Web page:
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Immersive Cycling Environment Yields High Intensity Heart Rate Without High Perceived Effort In Novice Exercisers: 864 Board #43 May 31 330 PM - 500 PM

Gottschall, Jinger S.1; Hastings, Bryce2

Medicine & Science in Sports & Exercise: May 2017 - Volume 49 - Issue 5S - p 223
doi: 10.1249/01.mss.0000517458.24189.cc
B-61 Free Communication/Poster - Activity Interventions and Programming in Adults II Wednesday, May 31, 2017, 1:00 PM - 6:00 PM Room: Hall F

1The Pennsylvania State University, University Park, PA. 2University of Auckland, Auckland, New Zealand. (Sponsor: Larry Kenney, FACSM)

Reported Relationships: J.S. Gottschall: Ownership Interest (Stocks, Bonds); FITOLOGY, LLC.

Exercise prescription is a multifaceted topic with the singular goal of defining a protocol that maximizes health and adherence. The ACSM guidelines reference previous results that there is an intensity threshold to continually improve fitness and reduce disease risk. The threshold for well-trained individuals is 95-100% max heart rate (HR) whereas the threshold for less-trained individuals is only 70-80% max to achieve the same benefits. Exercising at these intensities can be uncomfortable and unpleasant leading to low compliance. However, past research has demonstrated that engaging distractions such as an instructor, music, or digital images can enhance enjoyment while diminishing rate of perceived exertion (RPE). It is therefore possible that an instructor-guided workout with digital images synchronized to music could be the ideal combination to reach higher intensities with a lower perception of effort.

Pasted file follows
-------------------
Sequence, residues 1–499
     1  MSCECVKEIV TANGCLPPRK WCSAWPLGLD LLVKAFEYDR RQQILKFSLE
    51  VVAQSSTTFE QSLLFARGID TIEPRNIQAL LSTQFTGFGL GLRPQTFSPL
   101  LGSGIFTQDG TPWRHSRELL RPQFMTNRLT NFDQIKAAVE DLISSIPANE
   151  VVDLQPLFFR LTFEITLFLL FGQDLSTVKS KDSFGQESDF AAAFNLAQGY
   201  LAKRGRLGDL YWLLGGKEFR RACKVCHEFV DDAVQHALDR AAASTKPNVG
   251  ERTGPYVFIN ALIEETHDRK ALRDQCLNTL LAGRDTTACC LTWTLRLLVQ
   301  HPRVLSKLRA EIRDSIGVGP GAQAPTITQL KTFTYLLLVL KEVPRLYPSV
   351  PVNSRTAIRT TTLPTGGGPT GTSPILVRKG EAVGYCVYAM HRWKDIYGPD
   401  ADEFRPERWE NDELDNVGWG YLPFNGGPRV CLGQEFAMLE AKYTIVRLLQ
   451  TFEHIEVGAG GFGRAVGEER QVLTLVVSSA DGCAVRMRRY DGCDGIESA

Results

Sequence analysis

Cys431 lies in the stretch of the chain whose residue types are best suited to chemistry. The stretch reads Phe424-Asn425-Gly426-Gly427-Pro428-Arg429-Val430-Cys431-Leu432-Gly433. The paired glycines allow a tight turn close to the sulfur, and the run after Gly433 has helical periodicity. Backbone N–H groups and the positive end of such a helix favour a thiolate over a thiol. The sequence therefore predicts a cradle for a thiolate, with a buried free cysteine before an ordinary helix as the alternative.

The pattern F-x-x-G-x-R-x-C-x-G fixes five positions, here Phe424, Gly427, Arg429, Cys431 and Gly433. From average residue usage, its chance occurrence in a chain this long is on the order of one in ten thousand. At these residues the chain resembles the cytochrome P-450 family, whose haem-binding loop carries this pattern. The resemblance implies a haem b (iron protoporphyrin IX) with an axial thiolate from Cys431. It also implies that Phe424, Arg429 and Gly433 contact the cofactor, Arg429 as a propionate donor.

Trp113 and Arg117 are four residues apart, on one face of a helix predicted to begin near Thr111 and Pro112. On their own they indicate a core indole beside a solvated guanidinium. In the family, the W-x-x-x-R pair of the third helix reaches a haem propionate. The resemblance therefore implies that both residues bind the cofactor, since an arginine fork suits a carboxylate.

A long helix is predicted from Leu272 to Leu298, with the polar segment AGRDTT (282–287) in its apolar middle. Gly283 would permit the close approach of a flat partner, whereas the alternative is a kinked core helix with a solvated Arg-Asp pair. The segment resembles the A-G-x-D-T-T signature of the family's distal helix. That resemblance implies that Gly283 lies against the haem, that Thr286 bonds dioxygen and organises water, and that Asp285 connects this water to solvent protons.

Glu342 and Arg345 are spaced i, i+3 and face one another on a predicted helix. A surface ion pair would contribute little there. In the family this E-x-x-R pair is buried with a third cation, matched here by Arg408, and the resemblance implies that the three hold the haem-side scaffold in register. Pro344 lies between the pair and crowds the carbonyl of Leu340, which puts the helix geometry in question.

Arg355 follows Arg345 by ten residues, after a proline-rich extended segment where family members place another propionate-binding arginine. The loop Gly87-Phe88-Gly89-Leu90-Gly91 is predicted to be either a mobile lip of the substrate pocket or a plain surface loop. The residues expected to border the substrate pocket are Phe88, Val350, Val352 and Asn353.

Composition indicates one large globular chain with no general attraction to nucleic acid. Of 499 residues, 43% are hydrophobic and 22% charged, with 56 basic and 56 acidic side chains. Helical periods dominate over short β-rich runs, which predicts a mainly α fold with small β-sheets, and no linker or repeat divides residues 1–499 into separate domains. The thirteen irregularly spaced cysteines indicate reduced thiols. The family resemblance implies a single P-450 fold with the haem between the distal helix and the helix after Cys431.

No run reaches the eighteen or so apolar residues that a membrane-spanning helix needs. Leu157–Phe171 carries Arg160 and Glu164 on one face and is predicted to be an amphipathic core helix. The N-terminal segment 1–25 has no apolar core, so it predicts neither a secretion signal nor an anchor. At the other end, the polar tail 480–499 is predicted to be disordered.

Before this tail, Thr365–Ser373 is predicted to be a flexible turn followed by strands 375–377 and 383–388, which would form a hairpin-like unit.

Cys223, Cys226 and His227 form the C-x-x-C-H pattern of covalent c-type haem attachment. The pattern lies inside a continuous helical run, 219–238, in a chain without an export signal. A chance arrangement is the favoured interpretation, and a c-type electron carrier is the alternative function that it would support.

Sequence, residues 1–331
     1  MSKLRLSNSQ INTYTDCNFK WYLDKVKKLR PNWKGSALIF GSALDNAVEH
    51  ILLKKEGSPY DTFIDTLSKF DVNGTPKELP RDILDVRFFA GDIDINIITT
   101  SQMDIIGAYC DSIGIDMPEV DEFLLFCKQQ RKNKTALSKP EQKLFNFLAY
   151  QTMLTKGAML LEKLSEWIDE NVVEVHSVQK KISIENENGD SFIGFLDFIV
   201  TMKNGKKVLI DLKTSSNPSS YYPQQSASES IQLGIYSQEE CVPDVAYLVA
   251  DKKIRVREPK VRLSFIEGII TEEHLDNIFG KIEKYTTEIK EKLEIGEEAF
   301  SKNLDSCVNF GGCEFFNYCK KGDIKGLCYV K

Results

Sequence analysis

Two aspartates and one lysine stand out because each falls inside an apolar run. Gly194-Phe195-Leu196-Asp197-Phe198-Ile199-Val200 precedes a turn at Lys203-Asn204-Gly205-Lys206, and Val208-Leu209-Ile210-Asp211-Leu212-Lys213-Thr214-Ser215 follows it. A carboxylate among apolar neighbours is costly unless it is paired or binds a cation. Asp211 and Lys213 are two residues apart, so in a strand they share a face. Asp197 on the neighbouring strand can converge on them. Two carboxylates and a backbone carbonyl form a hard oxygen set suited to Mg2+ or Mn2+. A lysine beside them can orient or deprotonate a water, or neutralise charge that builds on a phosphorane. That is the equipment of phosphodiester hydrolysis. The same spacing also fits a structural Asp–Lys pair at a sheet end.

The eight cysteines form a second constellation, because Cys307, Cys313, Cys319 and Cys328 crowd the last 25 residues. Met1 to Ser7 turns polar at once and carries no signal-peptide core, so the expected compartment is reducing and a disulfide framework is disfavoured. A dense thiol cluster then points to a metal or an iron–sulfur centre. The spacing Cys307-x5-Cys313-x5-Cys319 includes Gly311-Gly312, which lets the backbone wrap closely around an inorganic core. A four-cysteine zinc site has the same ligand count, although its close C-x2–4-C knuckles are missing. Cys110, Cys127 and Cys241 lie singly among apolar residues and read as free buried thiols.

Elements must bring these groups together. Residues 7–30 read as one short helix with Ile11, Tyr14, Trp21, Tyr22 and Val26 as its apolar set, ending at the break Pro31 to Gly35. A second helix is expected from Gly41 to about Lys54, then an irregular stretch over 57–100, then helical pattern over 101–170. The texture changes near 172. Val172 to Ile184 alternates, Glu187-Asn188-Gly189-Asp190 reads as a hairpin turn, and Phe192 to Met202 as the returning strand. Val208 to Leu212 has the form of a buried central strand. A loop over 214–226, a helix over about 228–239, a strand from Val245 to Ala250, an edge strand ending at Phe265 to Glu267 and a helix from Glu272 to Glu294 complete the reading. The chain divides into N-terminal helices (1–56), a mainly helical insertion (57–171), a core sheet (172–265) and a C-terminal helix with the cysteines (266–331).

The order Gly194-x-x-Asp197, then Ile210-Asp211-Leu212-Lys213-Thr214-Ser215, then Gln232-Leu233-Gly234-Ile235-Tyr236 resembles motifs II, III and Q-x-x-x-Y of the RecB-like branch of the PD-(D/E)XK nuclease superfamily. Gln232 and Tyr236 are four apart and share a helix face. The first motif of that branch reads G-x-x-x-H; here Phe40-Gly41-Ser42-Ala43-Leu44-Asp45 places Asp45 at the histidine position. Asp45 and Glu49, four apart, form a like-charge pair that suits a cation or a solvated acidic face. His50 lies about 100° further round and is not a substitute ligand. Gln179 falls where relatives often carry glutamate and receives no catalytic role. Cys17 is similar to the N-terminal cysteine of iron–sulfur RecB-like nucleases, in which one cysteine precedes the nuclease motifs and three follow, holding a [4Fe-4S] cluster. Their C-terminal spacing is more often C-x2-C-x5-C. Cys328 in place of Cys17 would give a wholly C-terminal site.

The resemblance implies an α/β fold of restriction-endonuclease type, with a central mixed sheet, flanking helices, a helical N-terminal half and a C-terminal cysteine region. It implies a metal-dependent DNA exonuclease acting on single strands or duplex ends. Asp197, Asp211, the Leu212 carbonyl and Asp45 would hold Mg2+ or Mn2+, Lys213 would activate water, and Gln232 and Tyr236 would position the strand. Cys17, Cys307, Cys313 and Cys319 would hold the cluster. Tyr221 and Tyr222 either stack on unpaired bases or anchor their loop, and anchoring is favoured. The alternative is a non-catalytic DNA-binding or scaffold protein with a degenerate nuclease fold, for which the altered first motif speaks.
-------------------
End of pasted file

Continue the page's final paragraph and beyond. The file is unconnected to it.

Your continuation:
PURPOSE: Our aim was to compare an audio (AUD; music only) environment with an immersive (IMM; music + digital images) environment during group fitness cycling classes in both well-trained and less-trained individuals.

METHODS: To date, 6 elite participants (more than 10 hours PA/wk) and 6 novice (less than 2 hours PA/wk) completed 8 AUD and 8 IMM classes in 8 wks. Both class formats were approximately 40 minutes in duration with parallel strength and speed intervals led by an instructor. We collected HR (% time in 80-100% max zone) during each class and survey data (RPE, satisfaction, enjoyment) immediately after each class.

RESULTS: For the elite participants, % time in the max zone and RPE were significantly greater during AUD (54 + 8%; 18 + 1) compared to IMM (46 + 9%; 15 + 2; p < 0.05). In contrast, for the novice participants, RPE was significantly less during IMM (16 + 2) compared to AUD (18 + 1; p < 0.05) while the % time in the max HR zone did not differ between the two conditions (AUD = 62 + 11%; IMM = 64 + 12%; all values mean + sd). Satisfaction ratings were high for both groups and both conditions, but the novice participants rated IMM as more enjoyable than AUD.

CONCLUSION: Both AUD and IMM group fitness cycling formats are an ideal way to meet the exercise guidelines with high satisfaction. IMM may promote adherence in novice participants compared to AUD as HR intensity did not differ, RPE was less and enjoyment was greater.

© 2017 American College of Sports Medicine